Saturday, July 30, 2011

235 (2011 #40). The Ringer

This book has an interesting premise.  Ed O'Fallon is just a Denver cop doing his job.  In the confusion of a no-knock drug raid at the wrong address, he kills a Mexican immigrant, Salvador, estranged from his wife and family.  Ed's sons, Jesse and E. J., play on an elite baseball team.  Salvador's son Ray, using his Mexican-American mother Patricia Maestas' maiden name, is a hot pitcher on another team in the league. He ultimately winds up as a "ringer" (a person who is highly proficient at a particular skill or sport and is brought in to supplement a team or group of people) on Ed's boys' team, the city champions, in the state tournament.  Gradually all these people realize who the others are.

The story is told from the points of view of Ed and Patricia.  Ed begins to doubt himself and is frustrated by the mandatory administrative leave.  Patricia has her own feelings of guilt, wondering if the separation she wanted (that she learns may have been unwarranted) might have led to Salvador's death.  She is pressured by her mother and Latino activists to sue the city of Denver.  All these themes and storylines are skillfully woven together.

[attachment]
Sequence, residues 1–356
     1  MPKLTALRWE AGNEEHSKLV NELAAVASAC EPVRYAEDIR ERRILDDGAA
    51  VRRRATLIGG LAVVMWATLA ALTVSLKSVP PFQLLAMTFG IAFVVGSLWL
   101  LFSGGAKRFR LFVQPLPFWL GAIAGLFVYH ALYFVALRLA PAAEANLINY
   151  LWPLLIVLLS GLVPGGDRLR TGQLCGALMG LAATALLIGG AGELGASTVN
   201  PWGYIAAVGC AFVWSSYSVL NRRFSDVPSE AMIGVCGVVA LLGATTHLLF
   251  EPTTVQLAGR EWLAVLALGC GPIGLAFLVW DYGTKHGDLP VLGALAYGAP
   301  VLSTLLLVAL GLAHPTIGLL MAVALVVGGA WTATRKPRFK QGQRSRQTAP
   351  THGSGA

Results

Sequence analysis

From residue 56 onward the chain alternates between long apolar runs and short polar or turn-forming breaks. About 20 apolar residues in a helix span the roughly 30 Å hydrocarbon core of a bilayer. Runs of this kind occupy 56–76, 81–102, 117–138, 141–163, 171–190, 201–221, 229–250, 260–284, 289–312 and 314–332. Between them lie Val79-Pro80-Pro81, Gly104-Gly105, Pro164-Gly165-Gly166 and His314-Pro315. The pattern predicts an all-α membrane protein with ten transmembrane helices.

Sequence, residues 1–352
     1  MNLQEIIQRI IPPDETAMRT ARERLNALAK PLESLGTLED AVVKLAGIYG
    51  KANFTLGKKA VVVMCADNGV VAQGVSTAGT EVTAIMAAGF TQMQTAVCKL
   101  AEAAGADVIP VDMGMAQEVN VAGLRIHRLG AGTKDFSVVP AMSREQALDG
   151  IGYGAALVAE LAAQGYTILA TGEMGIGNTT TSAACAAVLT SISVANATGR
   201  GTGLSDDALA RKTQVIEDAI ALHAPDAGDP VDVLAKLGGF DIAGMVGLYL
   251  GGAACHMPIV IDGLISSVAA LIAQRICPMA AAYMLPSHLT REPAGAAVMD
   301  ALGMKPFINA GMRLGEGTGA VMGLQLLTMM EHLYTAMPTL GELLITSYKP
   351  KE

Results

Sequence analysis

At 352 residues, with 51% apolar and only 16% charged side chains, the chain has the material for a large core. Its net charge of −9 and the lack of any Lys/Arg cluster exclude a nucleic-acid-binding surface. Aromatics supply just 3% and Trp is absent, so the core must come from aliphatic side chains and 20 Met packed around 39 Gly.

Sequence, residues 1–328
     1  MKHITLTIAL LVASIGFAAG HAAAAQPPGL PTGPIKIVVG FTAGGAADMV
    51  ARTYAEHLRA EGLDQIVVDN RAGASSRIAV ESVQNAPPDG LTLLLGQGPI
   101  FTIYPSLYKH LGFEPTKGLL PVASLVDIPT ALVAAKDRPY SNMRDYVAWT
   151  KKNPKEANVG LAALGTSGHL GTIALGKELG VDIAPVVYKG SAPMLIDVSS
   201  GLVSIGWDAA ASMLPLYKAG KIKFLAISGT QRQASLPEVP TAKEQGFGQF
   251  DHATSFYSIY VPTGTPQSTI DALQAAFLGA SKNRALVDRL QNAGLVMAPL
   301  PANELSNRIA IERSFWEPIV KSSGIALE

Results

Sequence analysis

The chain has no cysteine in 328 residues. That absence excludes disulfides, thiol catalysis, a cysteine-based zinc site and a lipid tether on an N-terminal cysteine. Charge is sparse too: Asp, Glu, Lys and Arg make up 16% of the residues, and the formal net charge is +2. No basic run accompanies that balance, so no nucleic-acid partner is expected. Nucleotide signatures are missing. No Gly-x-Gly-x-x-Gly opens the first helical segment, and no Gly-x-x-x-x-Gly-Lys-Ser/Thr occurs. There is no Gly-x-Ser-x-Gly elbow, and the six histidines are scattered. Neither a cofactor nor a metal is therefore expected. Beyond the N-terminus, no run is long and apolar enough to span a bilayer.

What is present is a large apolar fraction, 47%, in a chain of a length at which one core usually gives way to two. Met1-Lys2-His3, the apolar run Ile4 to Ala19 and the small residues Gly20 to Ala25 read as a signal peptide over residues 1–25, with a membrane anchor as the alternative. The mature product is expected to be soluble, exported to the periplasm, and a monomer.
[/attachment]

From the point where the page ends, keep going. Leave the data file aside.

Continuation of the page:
The author does a masterful job making the reader understand and care about BOTH of these people and their families.  I loved the little touches, like Ed's trying to control his normal overenthusiastic coaching style while working with his young daughter Polly's T-ball team, his wife Claire always knowing where his misplaced items are, and Patricia's daughter Mia carrying around her John Elway doll, dubbed "El Johnway."  This made the characters more ordinary yet believable.

This book was a Top 100 semifinalist for the Amazon Breakthrough Novel Award in 2008.  You don't have to be a baseball or sports fan (I'm not) to understand or like this book (I did).

Author Jenny Shank grew up in Denver.  In the acknowledgments, the author indicates that this book was inspired by the shooting of Ismael Mena, a real-life botched no-knock drug raid death in Denver in 1999.  She's written numerous other pieces, including this review of Half-Broke Horses, but this is her first book. Well-written and well-paced, I'd definitely read another book by her.

© Amanda Pape - 2011

[I received an advance reader edition of this book from the publisher, Permanent Press, in exchange for a fair review.  It will be passed on to someone else to enjoy.]

No comments:

Post a Comment